Does censorship on social media help engineer Modern Reefer Madness
Some cannabis consumers have surely had their run-in with a high dose of edibles. At the same time, others do not experience much of an effect even after eating high doses of active THC. In any case, THC overconsumption jokes are commonplace on social media. But with censorship and social engineering hanging above us all like a dark cloud that no VPN can weather, is the frequency of certain content truly innocent?
Ban hammers and shadowbans are frequently placed on cannabis content creators. Scientists who hold doctorates in biochemistry, pharmaceutical or horticultural sciences, and the rest of the fields must tread lightly on their social media accounts. And anyone marketing a product must work through many loopholes when educating on the topic of cannabis. Some content seems to flow more freely on certain feeds — but is money the only grease?
Before The Facebook there was LifeLog
Let us remember that Facebook shares a unique history with the use of personal information by at least one governing organization. That is, Thefacebook.com was born for use amongst University students one day after a proposed program was shut down due to scrutiny. That program, known as LifeLog, was pitched by the United States Defense Advanced Research Projects Agency. LifeLog was supposed to track the lives of the nation’s citizens. It is, however, unknown if Facebook has any connection to that program. Or, if the website’s founder, Mark Zuckerberg, simply stole his initial idea from DARPA and put an innocent spin on the concept. In any case, it was a great turnout for the US government’s intelligence department — and Zuckerberg.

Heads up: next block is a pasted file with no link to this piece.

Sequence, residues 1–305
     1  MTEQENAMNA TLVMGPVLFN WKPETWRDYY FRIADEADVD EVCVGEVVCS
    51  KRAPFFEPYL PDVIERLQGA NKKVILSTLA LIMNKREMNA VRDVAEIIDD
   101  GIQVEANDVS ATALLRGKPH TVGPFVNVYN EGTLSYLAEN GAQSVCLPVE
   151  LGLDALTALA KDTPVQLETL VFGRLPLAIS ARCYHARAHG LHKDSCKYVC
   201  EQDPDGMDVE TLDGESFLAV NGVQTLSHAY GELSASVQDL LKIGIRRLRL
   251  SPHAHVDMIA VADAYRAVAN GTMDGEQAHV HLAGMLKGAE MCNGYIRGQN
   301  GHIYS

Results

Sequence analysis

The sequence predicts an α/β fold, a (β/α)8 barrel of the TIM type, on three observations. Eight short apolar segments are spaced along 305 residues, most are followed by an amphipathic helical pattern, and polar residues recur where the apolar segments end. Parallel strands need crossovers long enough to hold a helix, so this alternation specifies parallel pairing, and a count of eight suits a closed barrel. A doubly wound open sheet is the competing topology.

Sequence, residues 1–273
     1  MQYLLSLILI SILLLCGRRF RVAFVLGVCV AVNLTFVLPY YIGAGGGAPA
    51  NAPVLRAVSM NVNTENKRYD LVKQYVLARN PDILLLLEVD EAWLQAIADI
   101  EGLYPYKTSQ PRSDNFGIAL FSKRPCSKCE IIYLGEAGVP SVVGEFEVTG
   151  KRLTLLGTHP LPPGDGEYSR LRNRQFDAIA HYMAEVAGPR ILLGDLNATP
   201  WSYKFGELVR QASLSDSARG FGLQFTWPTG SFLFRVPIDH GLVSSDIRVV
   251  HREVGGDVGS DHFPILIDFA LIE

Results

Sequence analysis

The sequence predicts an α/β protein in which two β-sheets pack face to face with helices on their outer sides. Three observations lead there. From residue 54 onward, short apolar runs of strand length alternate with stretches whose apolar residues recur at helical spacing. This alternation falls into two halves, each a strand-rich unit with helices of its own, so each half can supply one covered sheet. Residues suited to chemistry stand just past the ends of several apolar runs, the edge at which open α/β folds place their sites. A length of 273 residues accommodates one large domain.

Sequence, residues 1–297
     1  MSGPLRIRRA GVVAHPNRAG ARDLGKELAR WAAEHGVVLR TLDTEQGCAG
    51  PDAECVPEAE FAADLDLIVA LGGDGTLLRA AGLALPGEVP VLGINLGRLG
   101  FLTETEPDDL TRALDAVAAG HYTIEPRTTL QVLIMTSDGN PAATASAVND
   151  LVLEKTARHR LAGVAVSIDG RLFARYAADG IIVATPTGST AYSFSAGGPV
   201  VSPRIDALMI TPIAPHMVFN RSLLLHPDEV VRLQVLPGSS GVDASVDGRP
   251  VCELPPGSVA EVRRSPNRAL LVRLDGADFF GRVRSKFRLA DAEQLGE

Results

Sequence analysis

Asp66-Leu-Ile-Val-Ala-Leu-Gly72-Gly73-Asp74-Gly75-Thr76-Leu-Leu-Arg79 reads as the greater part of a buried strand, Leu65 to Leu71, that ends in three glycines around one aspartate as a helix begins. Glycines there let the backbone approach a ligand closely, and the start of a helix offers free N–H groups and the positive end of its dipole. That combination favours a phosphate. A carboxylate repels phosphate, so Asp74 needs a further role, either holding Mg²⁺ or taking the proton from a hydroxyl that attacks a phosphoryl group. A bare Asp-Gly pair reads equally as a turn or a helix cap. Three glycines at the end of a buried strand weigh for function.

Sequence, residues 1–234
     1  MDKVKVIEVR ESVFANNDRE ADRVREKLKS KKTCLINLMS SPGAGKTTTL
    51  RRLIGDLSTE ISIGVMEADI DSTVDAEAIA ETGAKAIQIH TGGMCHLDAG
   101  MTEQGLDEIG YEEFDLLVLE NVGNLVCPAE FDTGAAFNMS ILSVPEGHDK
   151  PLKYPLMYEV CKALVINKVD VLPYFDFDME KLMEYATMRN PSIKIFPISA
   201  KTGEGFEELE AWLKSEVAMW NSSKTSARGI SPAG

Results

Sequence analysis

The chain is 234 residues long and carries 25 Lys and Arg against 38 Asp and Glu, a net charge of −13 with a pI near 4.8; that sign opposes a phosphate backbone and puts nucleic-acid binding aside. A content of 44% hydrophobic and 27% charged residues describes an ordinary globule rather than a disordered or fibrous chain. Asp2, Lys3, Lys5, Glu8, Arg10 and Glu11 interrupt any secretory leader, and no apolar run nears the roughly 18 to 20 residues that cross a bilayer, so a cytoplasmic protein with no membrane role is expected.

And so, it becomes clear why Elon Musk, in his position, might want to buy Twitter before trying to use corporate takeover strategies to shut down Facebook and its new parent, Meta. Of course, the latter half of the plan might be nothing more than tunnel dreams for the eccentric to use as banter. A stream of engineered social media engagements was used to rile up investments and bilk his share-heavy assets — covering everything from psychedelics to space.
Engineering negative cannabis stories on social media, a digital Reefer Madness
LinkedIn still provides a safe and supportive space for cannabis consumers. While Twitter still serves as a mostly neutral body when compared to censorship-heavy services under the Meta brand. An epitome of what social engineering can hope to achieve is found in Internet Management Practices employed by Meta but also Bytedance. And while TikTok claims to have distanced itself from its parents. Bytedance is closely tied with the Communist Party of China which houses heavily anti-cannabis policies. And so, is the censorship and engineering on social media a more subliminal form of Reefer Madness?
Female nipples have to be covered with a thin, but a see-through veil of clothing on Instagram. Of course, anyone who supports the #freethenipple movement might agree with that subtle lack of censorship. Whereas, cannabis, joints, and other smoking accessories have to be entirely replaced with broccoli and pretzels on Tiktok. Oiud slang has to be engineered to work past the ban hammer’s algorithm. And, of course, there is the heavy stream of ‘excessive THC consumption’ jokes — which can be a good laugh and relatable to many consumers. But why does some content go without censorship while scientists are regularly banned?
Let us know in the comments if you think censorship on social media relates to a modern Reefer Madness. Why do you think some posts about cannabis and psychedelics are censored while other content is more openly accepted?